Shelley CohenRN, BSN, CEN suggests the following sample questions—

  • Was there one key reason for your decision to leave?
  • Is there anything that could have been done or changed that would have prompted you to stay?
  • Do you feel you received adequate training for your job?
  • If you could change one thing about this organization, what would it be?
  • If you could change one thing about your job, what would it be?
  • What about your job satisfied you the most?
  • What about your job was the least satisfying for you?
  • What does your new job offer you that we were unable to provide?

This process should prompt the company, the HR department, and the management team to ask themselves some questions as well.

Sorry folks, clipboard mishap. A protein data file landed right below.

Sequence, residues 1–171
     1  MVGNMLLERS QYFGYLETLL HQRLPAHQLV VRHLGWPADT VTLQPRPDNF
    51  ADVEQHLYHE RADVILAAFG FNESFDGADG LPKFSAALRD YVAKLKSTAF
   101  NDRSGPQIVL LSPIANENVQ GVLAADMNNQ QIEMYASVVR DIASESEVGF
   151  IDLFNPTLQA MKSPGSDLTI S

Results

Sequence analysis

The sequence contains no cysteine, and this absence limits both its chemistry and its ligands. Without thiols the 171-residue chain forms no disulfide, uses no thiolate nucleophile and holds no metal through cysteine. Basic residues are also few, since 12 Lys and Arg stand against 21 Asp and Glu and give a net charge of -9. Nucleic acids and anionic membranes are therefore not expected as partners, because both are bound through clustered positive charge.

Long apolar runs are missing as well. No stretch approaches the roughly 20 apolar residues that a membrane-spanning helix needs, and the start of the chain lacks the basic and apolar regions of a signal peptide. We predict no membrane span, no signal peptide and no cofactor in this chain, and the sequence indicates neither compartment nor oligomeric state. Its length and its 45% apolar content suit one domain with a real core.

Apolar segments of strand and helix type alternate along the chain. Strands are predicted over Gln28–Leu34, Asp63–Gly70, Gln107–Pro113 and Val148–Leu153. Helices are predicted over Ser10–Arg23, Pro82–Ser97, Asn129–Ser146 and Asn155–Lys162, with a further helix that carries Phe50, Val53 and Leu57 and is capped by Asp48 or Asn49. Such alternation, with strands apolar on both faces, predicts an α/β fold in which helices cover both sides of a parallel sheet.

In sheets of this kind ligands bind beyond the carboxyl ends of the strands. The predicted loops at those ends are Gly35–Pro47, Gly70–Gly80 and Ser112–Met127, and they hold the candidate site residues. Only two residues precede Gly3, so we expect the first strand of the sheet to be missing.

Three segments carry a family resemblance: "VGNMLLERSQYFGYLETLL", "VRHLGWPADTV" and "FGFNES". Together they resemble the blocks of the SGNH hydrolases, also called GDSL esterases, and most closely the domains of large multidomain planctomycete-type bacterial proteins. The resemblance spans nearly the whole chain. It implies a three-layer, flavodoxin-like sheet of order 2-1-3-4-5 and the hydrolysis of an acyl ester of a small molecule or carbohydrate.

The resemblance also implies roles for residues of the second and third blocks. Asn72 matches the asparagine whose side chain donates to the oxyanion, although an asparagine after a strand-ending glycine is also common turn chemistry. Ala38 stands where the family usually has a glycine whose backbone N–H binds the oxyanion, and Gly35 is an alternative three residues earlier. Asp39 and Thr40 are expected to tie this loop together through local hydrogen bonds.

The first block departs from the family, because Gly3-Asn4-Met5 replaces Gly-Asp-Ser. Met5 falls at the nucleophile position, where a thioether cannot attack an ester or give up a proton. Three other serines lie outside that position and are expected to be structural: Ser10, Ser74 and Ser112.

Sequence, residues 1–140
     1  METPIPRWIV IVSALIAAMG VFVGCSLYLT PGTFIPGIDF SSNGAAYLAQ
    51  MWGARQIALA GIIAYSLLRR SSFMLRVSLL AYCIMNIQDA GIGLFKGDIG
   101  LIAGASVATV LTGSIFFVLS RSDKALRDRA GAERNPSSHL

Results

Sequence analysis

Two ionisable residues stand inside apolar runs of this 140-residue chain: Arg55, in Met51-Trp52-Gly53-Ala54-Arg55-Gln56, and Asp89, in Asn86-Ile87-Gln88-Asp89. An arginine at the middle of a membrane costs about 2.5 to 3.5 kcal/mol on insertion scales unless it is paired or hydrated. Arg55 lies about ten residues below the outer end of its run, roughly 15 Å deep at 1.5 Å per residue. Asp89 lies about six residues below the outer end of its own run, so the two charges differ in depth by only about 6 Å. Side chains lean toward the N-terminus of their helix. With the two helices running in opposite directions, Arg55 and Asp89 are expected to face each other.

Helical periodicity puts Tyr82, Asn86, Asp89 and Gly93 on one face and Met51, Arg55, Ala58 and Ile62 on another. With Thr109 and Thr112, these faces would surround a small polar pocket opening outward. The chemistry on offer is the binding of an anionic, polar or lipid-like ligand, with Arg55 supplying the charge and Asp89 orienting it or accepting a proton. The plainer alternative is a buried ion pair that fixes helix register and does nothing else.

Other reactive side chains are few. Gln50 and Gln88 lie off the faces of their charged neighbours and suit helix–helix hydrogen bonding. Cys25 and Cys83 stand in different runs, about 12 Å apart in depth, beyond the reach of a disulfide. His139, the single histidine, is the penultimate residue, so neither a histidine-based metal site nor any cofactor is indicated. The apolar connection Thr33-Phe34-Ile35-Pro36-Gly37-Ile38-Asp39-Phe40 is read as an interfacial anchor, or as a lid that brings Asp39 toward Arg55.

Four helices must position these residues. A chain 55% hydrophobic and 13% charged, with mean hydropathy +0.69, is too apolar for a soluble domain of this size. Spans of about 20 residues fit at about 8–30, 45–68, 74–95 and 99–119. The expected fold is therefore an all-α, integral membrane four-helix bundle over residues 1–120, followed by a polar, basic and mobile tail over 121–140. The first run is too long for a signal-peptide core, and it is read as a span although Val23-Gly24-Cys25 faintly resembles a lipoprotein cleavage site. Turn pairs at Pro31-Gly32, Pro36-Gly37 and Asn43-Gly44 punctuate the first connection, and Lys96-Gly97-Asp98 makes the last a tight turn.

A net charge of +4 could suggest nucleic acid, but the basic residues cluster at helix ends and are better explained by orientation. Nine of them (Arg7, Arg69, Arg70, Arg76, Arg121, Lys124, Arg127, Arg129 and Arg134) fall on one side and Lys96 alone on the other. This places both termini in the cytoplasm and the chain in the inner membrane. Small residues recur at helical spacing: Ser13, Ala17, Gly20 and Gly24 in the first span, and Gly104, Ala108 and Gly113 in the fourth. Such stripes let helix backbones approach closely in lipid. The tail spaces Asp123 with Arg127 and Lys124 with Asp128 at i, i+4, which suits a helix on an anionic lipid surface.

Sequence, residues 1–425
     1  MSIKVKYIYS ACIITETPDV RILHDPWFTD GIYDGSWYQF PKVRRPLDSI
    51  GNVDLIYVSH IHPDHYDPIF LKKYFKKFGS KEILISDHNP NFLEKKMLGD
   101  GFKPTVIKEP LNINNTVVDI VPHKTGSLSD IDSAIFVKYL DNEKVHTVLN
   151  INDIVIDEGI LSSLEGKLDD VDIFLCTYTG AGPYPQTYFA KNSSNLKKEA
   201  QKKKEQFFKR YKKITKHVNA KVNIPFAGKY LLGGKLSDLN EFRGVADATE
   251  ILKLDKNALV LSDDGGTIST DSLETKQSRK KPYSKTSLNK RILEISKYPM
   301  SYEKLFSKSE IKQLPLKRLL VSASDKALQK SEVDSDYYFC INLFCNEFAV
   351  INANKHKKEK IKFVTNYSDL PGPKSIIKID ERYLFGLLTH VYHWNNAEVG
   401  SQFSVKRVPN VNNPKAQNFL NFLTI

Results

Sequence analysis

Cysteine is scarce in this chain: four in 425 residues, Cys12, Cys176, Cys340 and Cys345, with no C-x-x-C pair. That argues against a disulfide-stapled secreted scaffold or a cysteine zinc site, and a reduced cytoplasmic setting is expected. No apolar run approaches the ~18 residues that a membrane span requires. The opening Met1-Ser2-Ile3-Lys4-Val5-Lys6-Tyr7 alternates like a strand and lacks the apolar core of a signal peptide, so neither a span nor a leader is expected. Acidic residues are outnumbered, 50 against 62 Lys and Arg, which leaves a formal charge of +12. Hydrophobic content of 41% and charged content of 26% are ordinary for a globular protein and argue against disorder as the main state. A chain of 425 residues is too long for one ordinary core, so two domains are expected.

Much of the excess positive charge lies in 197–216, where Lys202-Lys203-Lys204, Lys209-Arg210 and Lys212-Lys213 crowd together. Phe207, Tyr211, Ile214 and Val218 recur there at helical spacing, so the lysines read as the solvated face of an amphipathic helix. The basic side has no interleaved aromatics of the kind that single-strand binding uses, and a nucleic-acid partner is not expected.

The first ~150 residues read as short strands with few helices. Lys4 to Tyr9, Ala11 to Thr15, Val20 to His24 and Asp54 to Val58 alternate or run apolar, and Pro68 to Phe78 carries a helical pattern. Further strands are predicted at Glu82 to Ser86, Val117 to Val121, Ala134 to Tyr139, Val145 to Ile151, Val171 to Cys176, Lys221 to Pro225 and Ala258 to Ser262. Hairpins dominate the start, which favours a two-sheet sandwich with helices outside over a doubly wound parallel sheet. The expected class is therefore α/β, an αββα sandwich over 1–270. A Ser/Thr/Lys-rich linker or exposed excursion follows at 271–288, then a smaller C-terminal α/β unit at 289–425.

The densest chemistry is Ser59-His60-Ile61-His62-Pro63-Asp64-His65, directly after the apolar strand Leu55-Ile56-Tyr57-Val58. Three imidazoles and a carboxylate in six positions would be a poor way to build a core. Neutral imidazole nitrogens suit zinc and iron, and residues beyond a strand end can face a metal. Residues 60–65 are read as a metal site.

• Were we honest about our expectations for this person?
  • Did we hide or sugar-coating aspects of the job?
  • Did we provide adequate training and support?

Consider using third-party and follow-up services. Mahan insists on an outside interview. “Research says that exit survey or interview data collected by the organization itself at the time of employee departure is subject to substantial response bias. Also, these reasons for leaving change significantly after departure and when asked by a third party.”

He suggests conducting interviews—

  1. Through an independent third-party to remove biases
  2. After the employee has left to get to the real reasons for leaving
  3. Using a mixed-methods approach to ask “Why” in an open-ended, qualitative manner
  4. With research instruments designed to double-probe in questioning to solicit multiple responses and selection of the most important reason.
  5. In a manner that categorize themes from qualitative data and analyzes responses quantitatively to reduce bias and maximize causal understanding.